Tree-Climbing Camp in Hawai'i Isn't for Kids

Photo: Tree Climbing Planet

If you’ve ever had designs on becoming the next Julia Butterfly Hill, the famous activist who lived in a 180-foot redwood for 738 days, here’s your chance: This week in Paia, Maui, on March 24 and 25, Master Tree Climbing Instructor Tim Kovar has staked out a gorgeous 60-foot Banyan tree with wide spreading crowns (which make for ample room to explore) where he’ll teach students—from researchers to photographers to tree workers to nature lovers—the basics in tree climbing. Learn everything from climbing techniques to setting up the double-rope technique climbing system to tying knots. And get a killer view of the Pacific from the top. But you probably won’t do it as fast as the person on this video:

Unlike most of us, Kovar never stopped climbing trees. The Nebraska native who used the old-school hand-over-hand method to climb as a kid, was the head instructor for Tree Climbers International, works with researchers climbing 350-foot California Redwoods, consults with eco-tour operators from India to the Amazon, and, in 2000, was part of the tree climbing expedition to summit the fifth-largest tree in the world, a giant 2,000-year-old sequoia.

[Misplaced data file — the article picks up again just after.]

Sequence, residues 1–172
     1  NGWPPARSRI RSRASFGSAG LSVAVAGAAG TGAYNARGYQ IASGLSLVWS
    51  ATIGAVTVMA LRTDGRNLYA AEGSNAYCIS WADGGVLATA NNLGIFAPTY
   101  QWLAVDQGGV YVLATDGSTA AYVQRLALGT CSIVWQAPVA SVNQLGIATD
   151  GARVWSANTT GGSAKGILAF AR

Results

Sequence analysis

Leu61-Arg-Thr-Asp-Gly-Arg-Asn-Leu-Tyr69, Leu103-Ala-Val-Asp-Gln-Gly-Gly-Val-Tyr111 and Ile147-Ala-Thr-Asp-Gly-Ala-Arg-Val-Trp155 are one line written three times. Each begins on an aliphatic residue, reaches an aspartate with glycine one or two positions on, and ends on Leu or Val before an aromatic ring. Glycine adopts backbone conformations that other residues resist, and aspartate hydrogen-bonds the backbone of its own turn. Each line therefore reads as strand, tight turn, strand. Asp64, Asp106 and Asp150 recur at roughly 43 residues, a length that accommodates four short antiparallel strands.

Photo: Tree Climbing Planet

“Tree climbing, for myself, goes beyond just the physical prowess,” says Kovar. “I believe that receiving the full effect of what the tree has to teach us lies in our ability to have patience, awareness, and acceptance. Climbing slow, but with an attentive mind, helps us to absorb that lofty world above our heads.”

Upon completion, you’ll receive a Basic Tree Climbing Course diploma. Don’t worry: If you miss your chance in Hawaii, Kovar offers week-long intensive schools in Portland, where class gets even cooler: You’ll sleep overnight in a specially designed “Treeboat.”

Photo: Tree Climbing Planet



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